A former top U.S. vaccine official and an executive of a medical mask maker in Texas each told Congress on Thursday they believe lives were lost because of missteps by the Trump administration in its early handling of the coronavirus pandemic.
Rick Bright, who filed a whistleblower complaint after he was removed from a senior post at the Department of Health and Human Services last month, said his superiors dismissed urgent warnings in January and early February about an impending shortage of N95 respirator masks. Bright also said the administration delayed potential work on a U.S.-made vaccine by not acting fast enough or forcefully enough to press China for samples of the virus. And Bright said his removal showcased how, generally, politics overtook science as President Trump took center stage in responding to the U.S. crisis.

Since President Trump merely lashed out, calling Bright “disgruntled” (you bet, since he was witnessing deliberate indifference to a looming crisis), one can surmise that the administration does not have a factual rebuttal to Bright’s testimony. Indeed, the testimony of Michael Bowen, the co-owner of a mask-manufacturing company in Texas, seemed to confirm the utterly incompetent and thickheaded administration simply refused to recognize reality. (Bowen testified, "I’m a lifelong Republican, and I’m embarrassed by how that’s been handled. Like Rick Bright said, it’s the scientists we need to be listening to, and we’re not.”)

Bright laid out the multiple failings of the administration — pushing discredited drug cures, refusing to plan ahead for production and purchase of masks, etc. Worse still, the administration has no “single point of leadership right now for this response, and we don’t have a master plan for this response.” In fairness, there is a single point: Trump.

The bad news is that Trump’s contribution is wholly negative: Modeling bad behavior (refusing to wear a mask); cheering irresponsible action (e.g., a Wisconsin Supreme Court decision that sent Wisconsinites flocking to crowded bars and restaurants); lying about the sufficiency of our testing program; heaping scorn on Anthony S. Fauci for suggesting that schools might not be able to throw open their doors in the fall; and hawking a discredited cure, hydroxychloroquine, which his own Food and Drug Administration has warned Americans not to take for this purpose.

Bright also raised doubts about the notion we will have a vaccine within 12 to 18 months. Perhaps he is unduly pessimistic, but his warning reminds us that there is no guarantee we will “prevail” in either testing or in rushing through a vaccine. Put simply, the health crisis is likely to go on much longer than Trump officials insist. (Remember Jared Kushner declared victory and said we’d be firing on all cylinders in June?)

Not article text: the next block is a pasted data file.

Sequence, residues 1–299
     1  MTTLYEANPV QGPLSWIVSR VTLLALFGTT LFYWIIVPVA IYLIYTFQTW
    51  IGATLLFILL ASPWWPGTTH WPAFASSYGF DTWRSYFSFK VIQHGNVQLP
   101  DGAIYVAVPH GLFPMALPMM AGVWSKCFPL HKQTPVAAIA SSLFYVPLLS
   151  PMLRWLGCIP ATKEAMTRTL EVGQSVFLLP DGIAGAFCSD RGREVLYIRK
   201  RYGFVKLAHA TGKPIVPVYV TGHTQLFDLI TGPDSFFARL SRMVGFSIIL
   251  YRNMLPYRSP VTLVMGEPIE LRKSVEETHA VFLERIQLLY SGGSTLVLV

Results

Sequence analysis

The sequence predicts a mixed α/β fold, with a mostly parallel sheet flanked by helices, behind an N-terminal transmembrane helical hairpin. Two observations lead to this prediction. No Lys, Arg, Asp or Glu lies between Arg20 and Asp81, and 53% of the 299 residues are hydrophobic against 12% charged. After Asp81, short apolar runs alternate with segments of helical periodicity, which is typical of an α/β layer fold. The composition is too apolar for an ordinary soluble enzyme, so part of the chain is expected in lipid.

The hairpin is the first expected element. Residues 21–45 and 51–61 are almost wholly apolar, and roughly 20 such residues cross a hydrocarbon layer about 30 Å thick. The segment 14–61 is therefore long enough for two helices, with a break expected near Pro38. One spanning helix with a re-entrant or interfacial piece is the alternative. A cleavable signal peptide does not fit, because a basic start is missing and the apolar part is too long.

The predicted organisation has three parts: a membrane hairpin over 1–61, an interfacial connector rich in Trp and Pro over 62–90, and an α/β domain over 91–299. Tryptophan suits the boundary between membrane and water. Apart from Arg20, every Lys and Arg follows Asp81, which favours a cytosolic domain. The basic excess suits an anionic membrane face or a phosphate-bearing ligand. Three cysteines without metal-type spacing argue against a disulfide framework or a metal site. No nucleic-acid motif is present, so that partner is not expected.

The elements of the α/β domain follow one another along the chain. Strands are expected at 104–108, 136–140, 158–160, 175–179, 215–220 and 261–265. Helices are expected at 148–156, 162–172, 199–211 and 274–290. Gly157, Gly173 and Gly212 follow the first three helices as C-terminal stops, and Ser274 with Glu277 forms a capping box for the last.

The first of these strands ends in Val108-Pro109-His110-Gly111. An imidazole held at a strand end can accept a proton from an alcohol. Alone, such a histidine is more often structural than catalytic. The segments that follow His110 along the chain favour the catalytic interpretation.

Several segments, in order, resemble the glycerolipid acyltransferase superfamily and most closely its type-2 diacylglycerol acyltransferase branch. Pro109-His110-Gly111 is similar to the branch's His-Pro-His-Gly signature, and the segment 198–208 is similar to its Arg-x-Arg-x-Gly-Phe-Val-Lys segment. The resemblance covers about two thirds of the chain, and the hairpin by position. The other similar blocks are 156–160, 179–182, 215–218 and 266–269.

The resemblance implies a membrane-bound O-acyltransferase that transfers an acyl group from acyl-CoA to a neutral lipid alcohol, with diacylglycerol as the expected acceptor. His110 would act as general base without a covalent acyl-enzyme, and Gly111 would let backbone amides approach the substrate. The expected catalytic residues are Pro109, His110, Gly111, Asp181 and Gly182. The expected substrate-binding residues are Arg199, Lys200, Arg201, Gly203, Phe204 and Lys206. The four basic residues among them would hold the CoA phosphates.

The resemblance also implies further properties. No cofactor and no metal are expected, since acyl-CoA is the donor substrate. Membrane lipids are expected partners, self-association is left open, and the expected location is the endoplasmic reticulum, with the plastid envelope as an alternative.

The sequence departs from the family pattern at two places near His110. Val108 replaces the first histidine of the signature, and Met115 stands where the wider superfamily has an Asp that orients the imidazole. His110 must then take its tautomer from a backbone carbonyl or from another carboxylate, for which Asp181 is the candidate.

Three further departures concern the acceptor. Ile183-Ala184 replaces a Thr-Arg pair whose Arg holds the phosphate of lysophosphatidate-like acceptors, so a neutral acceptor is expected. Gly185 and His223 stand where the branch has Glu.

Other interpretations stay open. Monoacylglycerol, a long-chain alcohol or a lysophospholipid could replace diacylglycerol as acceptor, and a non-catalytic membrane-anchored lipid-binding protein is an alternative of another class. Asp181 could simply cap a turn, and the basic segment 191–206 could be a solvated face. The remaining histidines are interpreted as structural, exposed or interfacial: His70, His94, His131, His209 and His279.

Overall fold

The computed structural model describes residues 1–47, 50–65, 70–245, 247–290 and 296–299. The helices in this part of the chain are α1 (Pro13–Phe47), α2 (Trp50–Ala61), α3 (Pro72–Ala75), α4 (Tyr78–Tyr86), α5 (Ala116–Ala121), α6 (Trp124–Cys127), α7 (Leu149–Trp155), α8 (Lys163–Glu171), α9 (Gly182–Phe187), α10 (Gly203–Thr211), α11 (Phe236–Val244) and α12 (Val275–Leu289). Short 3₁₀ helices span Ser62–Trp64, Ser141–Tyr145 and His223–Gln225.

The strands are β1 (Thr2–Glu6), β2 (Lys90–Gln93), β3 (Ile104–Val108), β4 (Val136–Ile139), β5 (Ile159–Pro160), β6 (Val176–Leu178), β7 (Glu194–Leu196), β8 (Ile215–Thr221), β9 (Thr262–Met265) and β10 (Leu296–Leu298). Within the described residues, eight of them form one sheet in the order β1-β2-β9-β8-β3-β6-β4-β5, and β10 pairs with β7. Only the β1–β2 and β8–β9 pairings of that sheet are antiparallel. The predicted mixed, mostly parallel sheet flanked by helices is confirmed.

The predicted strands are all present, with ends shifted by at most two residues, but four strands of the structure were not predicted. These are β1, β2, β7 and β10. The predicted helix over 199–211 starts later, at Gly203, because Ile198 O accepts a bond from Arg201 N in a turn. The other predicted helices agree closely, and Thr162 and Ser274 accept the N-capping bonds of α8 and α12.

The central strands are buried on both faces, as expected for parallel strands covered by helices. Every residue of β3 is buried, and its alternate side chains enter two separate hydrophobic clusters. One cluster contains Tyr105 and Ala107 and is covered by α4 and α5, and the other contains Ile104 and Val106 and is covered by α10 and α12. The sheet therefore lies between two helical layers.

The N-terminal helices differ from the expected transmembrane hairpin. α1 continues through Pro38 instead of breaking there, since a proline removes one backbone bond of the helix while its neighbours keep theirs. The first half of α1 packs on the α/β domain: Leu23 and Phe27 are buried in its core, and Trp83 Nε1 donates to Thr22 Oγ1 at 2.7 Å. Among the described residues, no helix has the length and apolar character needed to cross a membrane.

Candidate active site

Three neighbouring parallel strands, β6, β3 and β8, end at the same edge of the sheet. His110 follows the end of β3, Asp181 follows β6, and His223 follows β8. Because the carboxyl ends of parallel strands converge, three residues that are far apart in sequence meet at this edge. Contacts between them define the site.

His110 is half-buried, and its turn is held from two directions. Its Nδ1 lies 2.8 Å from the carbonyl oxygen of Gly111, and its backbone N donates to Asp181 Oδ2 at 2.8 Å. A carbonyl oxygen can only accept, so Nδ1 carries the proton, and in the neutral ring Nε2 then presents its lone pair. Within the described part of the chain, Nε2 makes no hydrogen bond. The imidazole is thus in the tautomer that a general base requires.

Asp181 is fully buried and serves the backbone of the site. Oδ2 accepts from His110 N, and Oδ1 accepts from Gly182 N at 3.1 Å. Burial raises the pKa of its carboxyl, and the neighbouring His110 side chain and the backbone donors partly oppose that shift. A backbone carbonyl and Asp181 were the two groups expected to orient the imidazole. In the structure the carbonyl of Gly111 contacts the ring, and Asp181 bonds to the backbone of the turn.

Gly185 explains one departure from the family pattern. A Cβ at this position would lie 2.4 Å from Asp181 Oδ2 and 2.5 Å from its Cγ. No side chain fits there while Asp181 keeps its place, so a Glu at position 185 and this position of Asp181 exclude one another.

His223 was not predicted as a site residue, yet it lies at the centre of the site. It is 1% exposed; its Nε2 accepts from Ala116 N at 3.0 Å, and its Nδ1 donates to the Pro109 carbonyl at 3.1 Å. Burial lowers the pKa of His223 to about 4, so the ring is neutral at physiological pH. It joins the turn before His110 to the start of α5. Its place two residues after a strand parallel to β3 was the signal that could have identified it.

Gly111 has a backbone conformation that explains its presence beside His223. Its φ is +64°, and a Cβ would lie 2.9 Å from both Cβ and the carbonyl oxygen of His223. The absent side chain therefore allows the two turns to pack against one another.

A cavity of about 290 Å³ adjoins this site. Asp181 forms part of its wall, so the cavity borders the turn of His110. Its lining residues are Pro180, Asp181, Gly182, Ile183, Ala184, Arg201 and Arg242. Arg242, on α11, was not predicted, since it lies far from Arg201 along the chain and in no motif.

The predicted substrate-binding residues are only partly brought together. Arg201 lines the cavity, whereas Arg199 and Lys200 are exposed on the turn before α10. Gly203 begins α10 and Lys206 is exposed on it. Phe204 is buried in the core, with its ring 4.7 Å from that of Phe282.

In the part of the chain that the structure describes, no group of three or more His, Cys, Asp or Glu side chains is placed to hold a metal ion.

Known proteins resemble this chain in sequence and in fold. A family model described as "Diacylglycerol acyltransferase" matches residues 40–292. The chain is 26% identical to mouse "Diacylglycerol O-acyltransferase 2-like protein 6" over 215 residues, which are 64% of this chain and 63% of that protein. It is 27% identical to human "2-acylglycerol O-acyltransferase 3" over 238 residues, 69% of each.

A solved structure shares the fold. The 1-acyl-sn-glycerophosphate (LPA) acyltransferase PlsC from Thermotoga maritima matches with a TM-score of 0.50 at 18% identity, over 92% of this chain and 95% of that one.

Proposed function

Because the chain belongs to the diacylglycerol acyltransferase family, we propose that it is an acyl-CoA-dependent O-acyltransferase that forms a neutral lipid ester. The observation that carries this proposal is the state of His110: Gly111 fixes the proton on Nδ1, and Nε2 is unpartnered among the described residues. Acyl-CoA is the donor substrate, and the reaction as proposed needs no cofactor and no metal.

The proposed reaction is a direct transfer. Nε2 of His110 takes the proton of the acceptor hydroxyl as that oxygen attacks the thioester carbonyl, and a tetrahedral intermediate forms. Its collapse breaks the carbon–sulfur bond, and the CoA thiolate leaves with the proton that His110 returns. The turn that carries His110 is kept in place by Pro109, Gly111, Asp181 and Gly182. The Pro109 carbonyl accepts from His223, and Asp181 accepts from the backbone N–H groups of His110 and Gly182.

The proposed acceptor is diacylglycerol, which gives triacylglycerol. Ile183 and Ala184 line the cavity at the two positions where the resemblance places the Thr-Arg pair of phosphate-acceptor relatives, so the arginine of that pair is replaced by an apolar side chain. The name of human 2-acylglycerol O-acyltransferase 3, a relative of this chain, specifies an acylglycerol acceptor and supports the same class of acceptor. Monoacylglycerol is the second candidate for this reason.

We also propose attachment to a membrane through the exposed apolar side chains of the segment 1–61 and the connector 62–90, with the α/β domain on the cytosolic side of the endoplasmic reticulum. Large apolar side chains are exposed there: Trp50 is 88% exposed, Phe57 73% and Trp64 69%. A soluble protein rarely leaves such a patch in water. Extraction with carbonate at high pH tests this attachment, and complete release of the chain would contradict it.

Federal Reserve officials certainly are not predicting a quick solution, which means the economy will not spring back as Trump keeps insisting. Neel Kashkari, the Minneapolis Fed president, said on CBS News on Thursday, “If this is a slow recovery, the way I think it is — I think we’re in this for months, a year, 18 months — there are going to be a lot of families that are going to need direct financial assistance.” He added, “I think a V–shaped recovery is off the table.”

If Trump’s evaluations of the virus and the economy are badly out of whack — a safe bet — then House Democrats’ argument for the so-called Heroes Act on which they will vote Friday takes on added weight. In a letter, Speaker Nancy Pelosi (D-Calif.) told her members, “The Heroes Act delivers the strong, urgent response that this crisis requires: funding a science-based path to reopening the economy with testing, tracing and treatment, honoring our heroes with robust funding for state, local, tribal and territorial entities and hazard pay and putting more money in the pockets of workers and families.”

During her weekly news conference, Pelosi quoted Bright (just as she had previously invoked the Federal Reserve Chair, Jerome H. Powell). “Our window of opportunity is closing. If we fail to develop a national coordinated response, based in science, I fear the pandemic will get far worse and be prolonged, causing unprecedented illness and fatalities,” Bright said. “Without clear planning and implementation of the steps that I and other experts have outlined, 2020 will be darkest winter in modern history.” Bright (and Pelosi) have that one right. Now it is time to convince Senate Majority Leader Mitch McConnell (R-Ky.) that there is “urgency” to act.

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